The television commercial interrupts your favorite show. The announcer has a deal for you that you can’t refuse! His product can slice, dice, and chop better than anything out there on the market. And not only that, “if you will act now, you will receive a second product absolutely free! This brand item is not sold in stores, so act now, while supplies last! Do not be fooled by imitations that are inferior. Accept no substitutes!” he warns us with a raised voice.

Though I have never purchased any item so advertised, I can attest to what happens when I’m sent to the store to buy a can of this or a carton of that, and I return home with an off-brand, just to save a little money. [Think Andy Dufresne’s line to Warden Norton in The Shawshank Redemption, – “How can you be so obtuse?”] Coming to grips with my own stupidity, I discover that, sure enough, an off brand of cream of mushroom soup is just not as good as that name brand. I should have accepted no substitutes. 

It may seem a bit strange to our twenty-first century ears that John would end his letter with this short, terse, puzzling command “keep yourselves from idols” (1 John 5:21). Was he late in getting this letter to the post office for the daily collection? Surely no one in any civilized country would worship an idol!

Yeah, right.

“American Idol” is more than a popular TV show that swept America by storm in 2002.

Sometimes our idols can be a conglomeration of metal and plastic, circuits and rubber, upholstery and glass, otherwise known as a car. Sometimes our idols can be flesh and blood, as in a spouse, child, grandchild, or parent. Sometimes our idols are less tangible but nonetheless real things such as fame, position, or popularity.

Ezekiel got it right when he said concerning some of the leaders of his day: “These men have set up their idols in their hearts” (Ezek. 14:3). Maybe the existentialist philosopher Nietzsche was right when he said: “There are more idols in the world than there are realities.”[1] The human heart is indeed an “idol factory” as Calvin said.[2]

Ironically, we have little difficulty identifying idolatry in other cultures, but are often blind to the idolatry rampant in our own back yard.

What is an idol? Whatever you cling to for ultimate reality and security is your idol. Whatever you give your heart to other than God is an idol. John Wesley pictured God as forever saying to us: “My son, give me thy heart! And to give our heart to any other is plain idolatry. Accordingly, whatever takes our heart from him, or shares it with him, is an idol.”

At the 2007 Emmy Awards, comedian Kathy Griffin won an Emmy for the show she produced and starred in called “My Life on the D-List.” Griffin walked to the stage, accepted the award, blasphemed the name of Jesus, and then concluded her little speech by holding up her Emmy statuette and saying “This award is my God now.”

The early Italian Reformer Savonarola once saw an elderly woman worshiping at a statue of the Virgin Mary. He observed her daily trek to pay homage to the statue and was impressed with her devotion. A fellow priest, however, warned Savonarola that things are not always as they appear. He learned that this woman in her youth had been the model for the artist’s sculpture of Mary. She had worshiped at the statue ever since.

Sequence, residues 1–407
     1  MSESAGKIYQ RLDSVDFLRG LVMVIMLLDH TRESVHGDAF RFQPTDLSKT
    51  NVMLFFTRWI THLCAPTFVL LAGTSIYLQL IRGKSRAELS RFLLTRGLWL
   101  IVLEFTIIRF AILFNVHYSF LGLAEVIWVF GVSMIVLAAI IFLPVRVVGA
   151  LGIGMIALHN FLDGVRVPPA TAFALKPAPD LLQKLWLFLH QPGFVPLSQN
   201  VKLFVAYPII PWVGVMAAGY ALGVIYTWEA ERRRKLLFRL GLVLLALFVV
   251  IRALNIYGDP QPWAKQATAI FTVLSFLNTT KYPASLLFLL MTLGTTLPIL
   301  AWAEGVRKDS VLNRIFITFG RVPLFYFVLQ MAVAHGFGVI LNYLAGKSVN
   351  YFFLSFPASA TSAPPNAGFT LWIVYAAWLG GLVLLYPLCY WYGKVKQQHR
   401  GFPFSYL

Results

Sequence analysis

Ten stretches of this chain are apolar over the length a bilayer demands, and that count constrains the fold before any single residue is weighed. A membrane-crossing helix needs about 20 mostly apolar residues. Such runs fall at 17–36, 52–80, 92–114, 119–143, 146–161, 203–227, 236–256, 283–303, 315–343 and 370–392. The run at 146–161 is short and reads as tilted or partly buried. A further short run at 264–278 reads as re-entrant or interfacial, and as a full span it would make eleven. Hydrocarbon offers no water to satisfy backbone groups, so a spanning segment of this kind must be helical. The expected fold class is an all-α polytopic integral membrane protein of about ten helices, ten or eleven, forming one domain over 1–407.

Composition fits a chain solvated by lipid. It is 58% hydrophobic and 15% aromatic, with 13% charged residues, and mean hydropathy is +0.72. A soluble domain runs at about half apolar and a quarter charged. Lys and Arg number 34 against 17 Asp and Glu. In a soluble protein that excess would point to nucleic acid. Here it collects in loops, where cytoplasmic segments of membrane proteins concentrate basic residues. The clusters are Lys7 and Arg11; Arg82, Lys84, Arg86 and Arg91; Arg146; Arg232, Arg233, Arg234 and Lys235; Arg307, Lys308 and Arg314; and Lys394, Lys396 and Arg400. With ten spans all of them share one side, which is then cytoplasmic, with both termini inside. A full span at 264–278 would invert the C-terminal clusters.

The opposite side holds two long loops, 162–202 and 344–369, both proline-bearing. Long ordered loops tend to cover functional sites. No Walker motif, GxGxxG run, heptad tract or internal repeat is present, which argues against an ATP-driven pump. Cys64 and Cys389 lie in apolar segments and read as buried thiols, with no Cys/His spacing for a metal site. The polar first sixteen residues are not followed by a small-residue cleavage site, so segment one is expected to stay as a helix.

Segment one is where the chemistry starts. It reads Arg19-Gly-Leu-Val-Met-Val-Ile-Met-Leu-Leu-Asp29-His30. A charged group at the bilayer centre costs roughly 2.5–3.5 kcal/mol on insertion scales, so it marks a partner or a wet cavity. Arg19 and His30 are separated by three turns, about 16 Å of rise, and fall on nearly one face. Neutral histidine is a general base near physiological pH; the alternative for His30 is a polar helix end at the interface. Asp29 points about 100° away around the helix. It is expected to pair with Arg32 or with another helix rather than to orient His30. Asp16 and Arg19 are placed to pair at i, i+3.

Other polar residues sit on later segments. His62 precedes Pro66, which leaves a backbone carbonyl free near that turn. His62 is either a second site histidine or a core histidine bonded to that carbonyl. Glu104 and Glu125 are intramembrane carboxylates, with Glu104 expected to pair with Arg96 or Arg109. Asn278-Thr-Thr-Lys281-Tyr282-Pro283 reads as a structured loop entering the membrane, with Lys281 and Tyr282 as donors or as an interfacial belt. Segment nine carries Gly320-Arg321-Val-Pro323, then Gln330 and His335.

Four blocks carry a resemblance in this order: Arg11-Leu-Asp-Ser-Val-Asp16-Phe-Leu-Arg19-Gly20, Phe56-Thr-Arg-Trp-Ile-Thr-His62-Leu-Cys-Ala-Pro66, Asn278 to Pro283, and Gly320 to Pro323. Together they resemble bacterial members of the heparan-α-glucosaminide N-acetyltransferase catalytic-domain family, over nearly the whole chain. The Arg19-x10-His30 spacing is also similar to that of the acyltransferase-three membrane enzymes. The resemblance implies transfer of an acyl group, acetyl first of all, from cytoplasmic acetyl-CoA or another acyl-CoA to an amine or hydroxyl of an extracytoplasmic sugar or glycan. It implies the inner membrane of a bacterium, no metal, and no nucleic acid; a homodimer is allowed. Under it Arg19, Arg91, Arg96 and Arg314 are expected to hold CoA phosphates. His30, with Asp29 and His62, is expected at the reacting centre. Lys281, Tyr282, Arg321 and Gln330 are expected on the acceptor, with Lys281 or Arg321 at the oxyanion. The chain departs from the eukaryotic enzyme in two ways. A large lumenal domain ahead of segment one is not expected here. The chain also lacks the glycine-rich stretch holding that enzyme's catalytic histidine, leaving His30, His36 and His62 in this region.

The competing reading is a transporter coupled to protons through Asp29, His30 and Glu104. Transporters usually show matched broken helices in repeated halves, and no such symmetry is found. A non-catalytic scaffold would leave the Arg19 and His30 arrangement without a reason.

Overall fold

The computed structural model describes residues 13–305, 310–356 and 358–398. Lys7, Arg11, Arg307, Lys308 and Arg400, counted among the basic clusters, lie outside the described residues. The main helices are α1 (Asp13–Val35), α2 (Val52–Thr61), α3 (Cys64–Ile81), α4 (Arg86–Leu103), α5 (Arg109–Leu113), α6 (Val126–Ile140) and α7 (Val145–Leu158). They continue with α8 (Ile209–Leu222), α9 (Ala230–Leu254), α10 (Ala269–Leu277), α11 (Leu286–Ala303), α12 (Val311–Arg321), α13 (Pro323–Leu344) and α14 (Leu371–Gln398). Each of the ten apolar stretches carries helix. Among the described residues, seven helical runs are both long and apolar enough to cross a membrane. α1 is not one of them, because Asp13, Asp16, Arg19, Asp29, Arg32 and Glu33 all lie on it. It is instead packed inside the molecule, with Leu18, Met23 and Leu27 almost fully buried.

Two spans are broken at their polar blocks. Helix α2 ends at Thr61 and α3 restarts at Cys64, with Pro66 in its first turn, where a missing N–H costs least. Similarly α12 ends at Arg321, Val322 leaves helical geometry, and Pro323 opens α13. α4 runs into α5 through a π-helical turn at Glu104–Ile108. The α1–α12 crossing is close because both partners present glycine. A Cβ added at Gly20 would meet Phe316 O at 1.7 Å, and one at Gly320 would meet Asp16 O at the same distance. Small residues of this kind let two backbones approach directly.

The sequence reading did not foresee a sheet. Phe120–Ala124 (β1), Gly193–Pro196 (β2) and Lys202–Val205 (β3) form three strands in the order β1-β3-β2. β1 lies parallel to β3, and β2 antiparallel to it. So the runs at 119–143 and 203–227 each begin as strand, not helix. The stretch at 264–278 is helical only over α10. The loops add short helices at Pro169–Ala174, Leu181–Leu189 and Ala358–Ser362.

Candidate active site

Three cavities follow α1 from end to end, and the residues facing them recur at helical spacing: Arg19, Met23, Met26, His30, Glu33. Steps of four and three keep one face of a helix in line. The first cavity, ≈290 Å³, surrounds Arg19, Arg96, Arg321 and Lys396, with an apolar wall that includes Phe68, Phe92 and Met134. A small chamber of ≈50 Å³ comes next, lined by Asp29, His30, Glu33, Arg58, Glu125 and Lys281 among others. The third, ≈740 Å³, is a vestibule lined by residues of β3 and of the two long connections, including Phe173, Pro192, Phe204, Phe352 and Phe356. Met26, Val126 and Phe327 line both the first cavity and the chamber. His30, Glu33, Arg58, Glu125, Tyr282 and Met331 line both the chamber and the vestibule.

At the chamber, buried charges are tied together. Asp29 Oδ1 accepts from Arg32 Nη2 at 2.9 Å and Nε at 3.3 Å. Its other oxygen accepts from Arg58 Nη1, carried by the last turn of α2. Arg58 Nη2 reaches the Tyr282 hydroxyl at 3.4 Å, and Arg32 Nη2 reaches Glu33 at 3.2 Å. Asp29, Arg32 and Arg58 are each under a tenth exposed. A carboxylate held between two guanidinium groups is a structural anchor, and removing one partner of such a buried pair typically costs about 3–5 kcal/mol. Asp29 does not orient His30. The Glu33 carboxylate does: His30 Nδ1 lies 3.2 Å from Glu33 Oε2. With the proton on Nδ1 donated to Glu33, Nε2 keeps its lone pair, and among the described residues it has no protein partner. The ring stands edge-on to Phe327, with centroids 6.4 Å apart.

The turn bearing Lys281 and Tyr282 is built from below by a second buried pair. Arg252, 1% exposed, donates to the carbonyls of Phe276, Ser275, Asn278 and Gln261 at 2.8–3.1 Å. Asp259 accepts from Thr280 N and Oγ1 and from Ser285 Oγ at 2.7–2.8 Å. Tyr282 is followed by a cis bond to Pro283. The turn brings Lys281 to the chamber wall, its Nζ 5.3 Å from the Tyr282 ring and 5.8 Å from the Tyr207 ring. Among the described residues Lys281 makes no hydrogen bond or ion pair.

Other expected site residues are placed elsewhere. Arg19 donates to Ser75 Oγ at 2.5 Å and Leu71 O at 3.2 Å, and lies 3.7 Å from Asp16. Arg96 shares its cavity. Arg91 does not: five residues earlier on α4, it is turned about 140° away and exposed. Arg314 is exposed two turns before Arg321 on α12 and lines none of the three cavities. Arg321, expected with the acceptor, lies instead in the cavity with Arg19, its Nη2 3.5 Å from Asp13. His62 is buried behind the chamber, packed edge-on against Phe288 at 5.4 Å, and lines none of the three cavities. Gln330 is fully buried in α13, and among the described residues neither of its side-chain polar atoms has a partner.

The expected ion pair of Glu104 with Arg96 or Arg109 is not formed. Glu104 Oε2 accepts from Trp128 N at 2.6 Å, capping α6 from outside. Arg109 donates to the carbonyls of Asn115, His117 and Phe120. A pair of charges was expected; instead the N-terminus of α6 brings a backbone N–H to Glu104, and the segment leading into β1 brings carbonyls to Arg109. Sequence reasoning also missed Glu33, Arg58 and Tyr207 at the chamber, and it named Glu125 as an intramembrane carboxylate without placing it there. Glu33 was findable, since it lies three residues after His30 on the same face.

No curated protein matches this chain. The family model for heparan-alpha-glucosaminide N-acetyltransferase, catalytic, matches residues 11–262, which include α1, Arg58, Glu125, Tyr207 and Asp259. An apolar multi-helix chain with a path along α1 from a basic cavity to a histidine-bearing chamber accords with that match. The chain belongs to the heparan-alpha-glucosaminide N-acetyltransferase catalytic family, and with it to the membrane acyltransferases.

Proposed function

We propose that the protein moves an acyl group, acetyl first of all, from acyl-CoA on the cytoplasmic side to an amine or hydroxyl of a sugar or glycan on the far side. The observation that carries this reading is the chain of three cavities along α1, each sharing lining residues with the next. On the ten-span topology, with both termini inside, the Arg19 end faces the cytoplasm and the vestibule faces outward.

Savonarola is well known for his desire to cleanse Florence of materialism and immorality. On February 7, 1497, he led the city in casting their material possessions tempting them to an immoral lifestyle in the famous “bonfire of vanities.”

Christians need a “bonfire of vanities” in our hearts. All idolatry begins in the heart and must be exterminated there first.

Last words stick. “Keep yourselves from idols.” This is one practical injunction which will save us from many a heartache. These golden words in their simplicity, in their depth, in their certainty, in their comprehensiveness, are worthy to be the last words of John’s letter.

Another famous John, with the last name of Wesley, also spoke about idols in a one-sentence pray we all should pray: “And as the shadows flee before the sun, so let all my idols vanish at thy presence!”[3] God has three words for your idols: tear them down. Don’t get high on anything but God! Accept no substitutes!


Excellent resources for the preacher on the subject of idolatry include Richard Keyes, “The Idol Factory,” No God But God: Breaking with the Idols of our Age, eds., Os Guinness and John Seel (Chicago: Moody Press, 1992), 29–48; Tim Keller, Counterfeit Gods: the Empty promises of Money, Sex, and Power, and the Only Hope that Matters (New York: Dutton, 2009). Don’t miss Keller’s succinct list of the key categories of idols in our lives followed by brief definitions on pp. 203, 204. Footnote 5 (pp. 178, 179) contains helpful bibliography of significant works on the subject of idolatry over the past twenty years. Another good read would be Greg Beale’s We Become What We Worship: a Biblical Theology of Idolatry (Downers Grove, IL: IVP Academic, 2008), especially his conclusion on pp. 284–311.

[1]Friedrich Nietzsche, Twilight of the Idols (Oxford: Oxford University Press, 1998), p. 3.

[2]John Calvin, “. . . man’s nature, so to speak, is a perpetual factory of idols,” Institutes of the Christian Religion, Library of Christian Classics, vol. 20, ed. John T. McNeill; trans. by Ford L. Battles (Philadelphia: Westminster, 1960), I.XI.8, 108.

[3]Wesley, First Series of Sermons (40–53); Second Series Begun (54–86), Volume 2, in The Works of John Wesley, 3rd ed., vol. 6 (Grand Rapids: Baker, 1979 reprint), 444. This is from Wesley’s sermon on 1 John 5:21.